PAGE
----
The writer was recently asked if flowers grow at the Dead Sea. Having been a minister for 50 years he was expected to know the answer. The answer he gave was "Yes." Then he shared that, at En Gedi, on the western shore, of the Dead Sea, one could find a waterfall, palm trees and much vegetation. This beautiful area was used for refreshing. David hid from King Saul there. The singular beauty of En Gedi is difficult to described with words. There are flowers.
An ancient synagogue was recently excavated there. En Gedi is a lovely respite from the dry, empty area surrounding the Dead Sea. There is a spa, a hostel, and a kibbutz for spending the nights. Of course one can float on the sea without fear of sinking.
Cleopatra loved the area and had a cosmetic business establised there. Many cosmetics are made from the various salts in the water and area. She asked Mark Antony to make the Dead Sea a part of the Roman Empire.
There you can find henna (Lawsonia inermis), which is native to Asia and the Mediterranean coast of Africa. It has small four-petaled flowers and is intensely fragrant. The colors range from yellow to pink.
The leaves produce a red dye. Twice a year leaves are harvested, dried, and ground into a fine powder. this powder is used to dye hair red.
The dried henna is used in the east for the art of Mehndi, especially in India. Mehndi is the process of painting patterns on the body with henna paste. This results in stains left on the skin. Intricate patterns are applied to the skin on hands and the feet. this is often done for the bride preceding her wedding.
Medically henna has been used by applying it to burns and scrapes. It also has been used to treat rashes.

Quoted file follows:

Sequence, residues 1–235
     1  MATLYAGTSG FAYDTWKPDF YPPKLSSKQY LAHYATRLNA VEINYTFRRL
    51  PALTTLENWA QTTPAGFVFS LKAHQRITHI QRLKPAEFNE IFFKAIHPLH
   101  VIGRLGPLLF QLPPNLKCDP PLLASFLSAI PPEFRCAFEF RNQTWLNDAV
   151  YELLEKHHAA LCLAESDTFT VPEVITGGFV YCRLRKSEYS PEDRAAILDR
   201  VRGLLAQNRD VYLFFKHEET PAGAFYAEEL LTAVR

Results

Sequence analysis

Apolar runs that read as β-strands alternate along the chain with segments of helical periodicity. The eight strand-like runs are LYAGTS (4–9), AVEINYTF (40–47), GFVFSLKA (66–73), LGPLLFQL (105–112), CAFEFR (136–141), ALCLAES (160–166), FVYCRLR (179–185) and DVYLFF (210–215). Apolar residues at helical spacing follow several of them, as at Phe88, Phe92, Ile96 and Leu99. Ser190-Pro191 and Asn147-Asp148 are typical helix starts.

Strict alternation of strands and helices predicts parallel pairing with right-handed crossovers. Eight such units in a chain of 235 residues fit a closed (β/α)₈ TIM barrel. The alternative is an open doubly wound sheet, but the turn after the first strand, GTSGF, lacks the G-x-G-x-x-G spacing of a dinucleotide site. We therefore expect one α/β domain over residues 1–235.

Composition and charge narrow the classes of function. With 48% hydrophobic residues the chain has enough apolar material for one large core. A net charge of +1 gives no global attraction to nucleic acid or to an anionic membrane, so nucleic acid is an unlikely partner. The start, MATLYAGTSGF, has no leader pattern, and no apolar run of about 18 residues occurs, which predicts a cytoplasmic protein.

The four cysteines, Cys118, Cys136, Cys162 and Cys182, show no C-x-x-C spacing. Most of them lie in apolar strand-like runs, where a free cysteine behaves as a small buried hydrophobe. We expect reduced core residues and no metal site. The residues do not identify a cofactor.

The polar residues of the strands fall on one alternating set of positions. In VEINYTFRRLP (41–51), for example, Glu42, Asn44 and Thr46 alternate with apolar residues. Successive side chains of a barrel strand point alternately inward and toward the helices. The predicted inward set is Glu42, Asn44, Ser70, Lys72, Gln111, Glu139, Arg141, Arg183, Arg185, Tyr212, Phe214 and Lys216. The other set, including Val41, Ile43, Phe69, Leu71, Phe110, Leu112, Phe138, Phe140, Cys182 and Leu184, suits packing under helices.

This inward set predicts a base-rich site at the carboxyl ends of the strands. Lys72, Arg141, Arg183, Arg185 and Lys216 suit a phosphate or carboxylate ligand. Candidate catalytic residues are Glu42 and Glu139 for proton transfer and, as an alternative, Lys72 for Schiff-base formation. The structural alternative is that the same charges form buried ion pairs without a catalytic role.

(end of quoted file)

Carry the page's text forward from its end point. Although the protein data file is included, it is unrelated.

King Solomon said: "My beloved is a bouquet of henna flowers from the vineyards of En Gedi." (Song of Solomon 1:14).
Certain flowering plants around the dead sea contain substances that delay germination when the amount of rain is low. At the end of a wet winter the area is covered with various beautiful colorful plants with brilliant blossoms in various colors.
The Rose of Jericho is an annual plant found between Jerusalem and the Dead Sea, Jericho and other nearby locations. It takes nutriment through its single root. It appears to be a dried ball of entwined dead branches. It eventually breaks free of its root and rolls along the ground with the wind dispersing its seeds as it rolls--much like tumbleweed. These branches stretch out when they absorb moisture and the plant bursts open. The flowers are very tiny white blossoms. It also disperses its seeds on the wind as it bursts open. This causes a new generation of growth far from the original plant's site.
This flowering, tradition says, is a rebirth causing the plant to be a symbol of renewal and revival for it early appeared to be dead.
Beduin and Egyptian women would put the plant in water. They believed through the nature of its flowering, they could predict if their childbirth would be easy or difficult. Drinking the water would surely speed up their labour, they believed.
Many Christian pilgrims associated the Rose of Jericho with Rose Mystica, a part of the Lutheran and Roman Catholic liturgy. The Rose of Jericho is sold in attractive boxes that are open on the front to expose the dead-looking ball.
Unfortunately, since 2010, there had been a drought in the Holy Land. The Sea of Galilee is at a sad level. Because the farms on both sides of the Jordan River use river water to irrigate their crops the Dead Sea is a very small lake. No water is running into it from the Jordan River.